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Keys to prevention in mental health - Alexithymia

24 November 2020 - Dr Jan Orman

For many people with eating disorders (and for a lot of the rest of us for that matter), it is so much easier to focus on and talk about, weight and shape than it is to talk about emotions.

People with alexithymia have trouble experiencing and naming their emotions as well as recognising and naming the emotions of others. A disability like that can lead to all sorts of difficulty in the interpersonal space and, unaddressed, is likely to evolve over time into something more serious.

Alexithymia, sometimes called “emotional blindness”, is associated with paying less attention to your internal world, a kind of sub-conscious head-in-the-sand approach to emotional management, if you like - but that implies that people with alexithymia could put their feelings into words if they wanted to.  The truth is, they just can’t.

So, is this another mental health disorder?

Traditionally (if something about a condition that was first described in 1972 can be considered “traditional”) alexithymia is not considered a disorder or a diagnosis but a personality trait. It is interesting that more recent research also finds associations between alexithymia and early childhood trauma. I’m quietly wondering if that situation might be more a kind of dissociation but, apologies, I seem to be wandering off track.

People with alexithymia often:

  • have difficulty identifying different types of feelings and limited understanding of what causes feelings
  • have difficulty expressing feelings
  • find recognising facial cues difficult and may often ignore or misinterpret them
  • have limited or rigid imagination and constricted style of thinking
  • are hypersensitive to physical sensations
  • are detached from or tentative in their connection to others

Where can alexithymia lead?

Some recent work done as part of the Longitudinal European Autism Project based at Kings College in London has looked at a group of people with alexithymia, both autistic and neurotypical, and confirmed that those with early alexithymia in both groups are much more likely to develop serious difficulty with anxiety as time goes by, along with interpersonal communication difficulties and sometimes depression.

(As an aside – it’s worth noting that only about half of the people diagnosed with autism have alexithymia and many people without autism are alexithymic. They are not the same thing!)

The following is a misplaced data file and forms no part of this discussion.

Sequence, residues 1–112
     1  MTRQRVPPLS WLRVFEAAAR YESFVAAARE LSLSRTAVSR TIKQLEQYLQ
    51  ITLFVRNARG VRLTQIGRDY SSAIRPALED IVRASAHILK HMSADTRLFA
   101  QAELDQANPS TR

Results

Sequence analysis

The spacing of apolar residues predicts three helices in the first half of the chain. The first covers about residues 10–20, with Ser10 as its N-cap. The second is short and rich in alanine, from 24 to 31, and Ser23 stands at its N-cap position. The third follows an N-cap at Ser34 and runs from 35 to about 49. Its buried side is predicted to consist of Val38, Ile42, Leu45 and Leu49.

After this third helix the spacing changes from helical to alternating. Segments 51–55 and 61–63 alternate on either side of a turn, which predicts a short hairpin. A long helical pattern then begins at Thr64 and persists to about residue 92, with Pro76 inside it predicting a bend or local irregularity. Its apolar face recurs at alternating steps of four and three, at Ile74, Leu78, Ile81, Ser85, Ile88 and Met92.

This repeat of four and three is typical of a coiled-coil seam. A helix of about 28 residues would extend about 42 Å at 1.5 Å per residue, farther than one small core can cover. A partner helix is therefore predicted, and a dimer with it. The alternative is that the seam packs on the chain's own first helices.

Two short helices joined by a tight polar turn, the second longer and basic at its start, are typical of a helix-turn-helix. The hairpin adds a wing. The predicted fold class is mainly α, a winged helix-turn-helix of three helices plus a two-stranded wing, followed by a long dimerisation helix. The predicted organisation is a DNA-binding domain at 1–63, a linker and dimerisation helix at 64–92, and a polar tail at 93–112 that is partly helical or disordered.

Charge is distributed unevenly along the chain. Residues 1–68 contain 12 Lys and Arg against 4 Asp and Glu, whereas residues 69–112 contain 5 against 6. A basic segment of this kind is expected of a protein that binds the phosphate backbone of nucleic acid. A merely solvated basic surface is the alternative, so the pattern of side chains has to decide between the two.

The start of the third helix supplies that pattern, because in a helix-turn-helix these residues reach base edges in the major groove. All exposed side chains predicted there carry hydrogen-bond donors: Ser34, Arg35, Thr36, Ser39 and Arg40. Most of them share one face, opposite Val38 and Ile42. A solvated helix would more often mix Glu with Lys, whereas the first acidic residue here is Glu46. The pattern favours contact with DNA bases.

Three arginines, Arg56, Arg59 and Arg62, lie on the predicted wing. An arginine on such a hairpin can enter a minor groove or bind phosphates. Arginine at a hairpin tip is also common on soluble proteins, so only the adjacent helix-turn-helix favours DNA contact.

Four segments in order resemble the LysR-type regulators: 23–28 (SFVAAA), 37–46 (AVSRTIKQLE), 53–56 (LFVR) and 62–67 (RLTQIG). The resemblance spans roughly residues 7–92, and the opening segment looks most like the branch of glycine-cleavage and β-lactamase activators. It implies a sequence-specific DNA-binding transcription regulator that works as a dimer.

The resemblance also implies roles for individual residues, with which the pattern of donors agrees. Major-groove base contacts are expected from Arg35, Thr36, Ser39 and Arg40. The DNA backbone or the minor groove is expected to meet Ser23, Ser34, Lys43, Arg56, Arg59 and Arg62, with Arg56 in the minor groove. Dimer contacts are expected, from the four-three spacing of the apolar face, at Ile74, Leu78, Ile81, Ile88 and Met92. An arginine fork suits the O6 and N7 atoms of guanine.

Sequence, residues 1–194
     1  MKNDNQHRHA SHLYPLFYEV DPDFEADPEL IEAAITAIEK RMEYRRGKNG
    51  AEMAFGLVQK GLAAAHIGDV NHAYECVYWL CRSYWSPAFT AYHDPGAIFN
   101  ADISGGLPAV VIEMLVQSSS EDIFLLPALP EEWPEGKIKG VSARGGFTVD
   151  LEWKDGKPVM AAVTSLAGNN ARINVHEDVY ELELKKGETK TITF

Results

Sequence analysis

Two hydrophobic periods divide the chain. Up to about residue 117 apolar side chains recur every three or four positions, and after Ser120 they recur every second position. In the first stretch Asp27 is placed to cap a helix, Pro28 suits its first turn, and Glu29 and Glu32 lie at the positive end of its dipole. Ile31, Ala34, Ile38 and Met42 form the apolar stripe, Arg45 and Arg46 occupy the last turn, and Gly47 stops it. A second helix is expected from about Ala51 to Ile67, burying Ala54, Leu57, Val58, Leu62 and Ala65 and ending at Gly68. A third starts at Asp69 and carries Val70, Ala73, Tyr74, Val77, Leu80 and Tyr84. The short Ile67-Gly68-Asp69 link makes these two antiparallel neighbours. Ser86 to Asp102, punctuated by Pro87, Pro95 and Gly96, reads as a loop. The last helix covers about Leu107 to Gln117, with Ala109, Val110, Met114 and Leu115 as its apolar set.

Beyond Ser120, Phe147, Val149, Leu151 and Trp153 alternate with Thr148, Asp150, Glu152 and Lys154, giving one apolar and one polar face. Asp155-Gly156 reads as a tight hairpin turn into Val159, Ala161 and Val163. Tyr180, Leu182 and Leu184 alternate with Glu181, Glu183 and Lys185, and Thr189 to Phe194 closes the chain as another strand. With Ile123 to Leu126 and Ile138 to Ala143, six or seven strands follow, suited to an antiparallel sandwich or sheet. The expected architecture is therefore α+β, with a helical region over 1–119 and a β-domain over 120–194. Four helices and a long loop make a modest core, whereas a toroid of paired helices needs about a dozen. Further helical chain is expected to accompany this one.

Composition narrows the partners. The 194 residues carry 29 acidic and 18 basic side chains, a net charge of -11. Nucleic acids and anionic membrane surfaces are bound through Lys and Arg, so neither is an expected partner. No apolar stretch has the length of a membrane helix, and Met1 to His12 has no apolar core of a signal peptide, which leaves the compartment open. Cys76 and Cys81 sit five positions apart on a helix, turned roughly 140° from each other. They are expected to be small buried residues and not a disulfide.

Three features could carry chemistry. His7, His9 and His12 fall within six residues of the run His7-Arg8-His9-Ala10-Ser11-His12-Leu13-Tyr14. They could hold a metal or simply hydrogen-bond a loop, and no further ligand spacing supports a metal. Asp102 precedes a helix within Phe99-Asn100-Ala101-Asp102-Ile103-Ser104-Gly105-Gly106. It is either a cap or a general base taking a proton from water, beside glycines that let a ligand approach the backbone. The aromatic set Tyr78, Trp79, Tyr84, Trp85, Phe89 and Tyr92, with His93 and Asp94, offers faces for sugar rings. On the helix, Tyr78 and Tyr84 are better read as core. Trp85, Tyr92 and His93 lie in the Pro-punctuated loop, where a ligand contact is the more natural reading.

It goes without saying that it is especially challenging for people who start out with alexithymia to understand and manage these emotional disorders when they develop.

How can we identify the problem?

Hallmarks of alexithymia include “missed cues” in interpersonal relationships and flattened reactions. You can observe this in children as well as some adults.  It’s not that they are not paying attention or don’t care - they just don’t get it.

There’s an interesting article in Mosaic Science from 2018 here that describes one man’s journey through life with alexithymia. It also touches on autism and psychopathy, so it is an interesting all-round read.

What can we do to help?

There are ways to help people manage alexithymia. We can:

  • Encourage a language of feelings by explaining our own emotional reactions in clear concise terms to children to help them learn about emotions and encouraging them to talk about how they are feeling. They may also benefit from reading, watching or listening to stories that have emotional content as well as action. Other people’s stories are often helpful in developing mental health awareness and, in this case, they may contribute to improvement in emotional vocabulary and repertoire.
  • Regular journaling may be also useful to improve internal and external observational skills. They may well hate it at first, so perseverance and creative ways to encourage it may be necessary.
  • Art practice and art therapy can provide people with non-verbal ways of expressing emotional states that can be very helpful.
  • Relaxation training may also be useful – especially those methods that encourage awareness of internal states.

It’s interesting to note how universally beneficial each of these strategies is likely to be – you don’t have to have alexithymia to find them helpful!

Given the known trajectory of people with alexithymia towards mental health problems, I wonder if identifying and addressing it may be one of the ways that we can help prevent the development of mental health problems in our community.

 

 

 

 

 

 

Dr Jan Orman
Dr Jan Orman

Jan is Sydney GP, private psychological medicine practitioner in Sydney’s inner west and a GP educator for Black Dog Institute.

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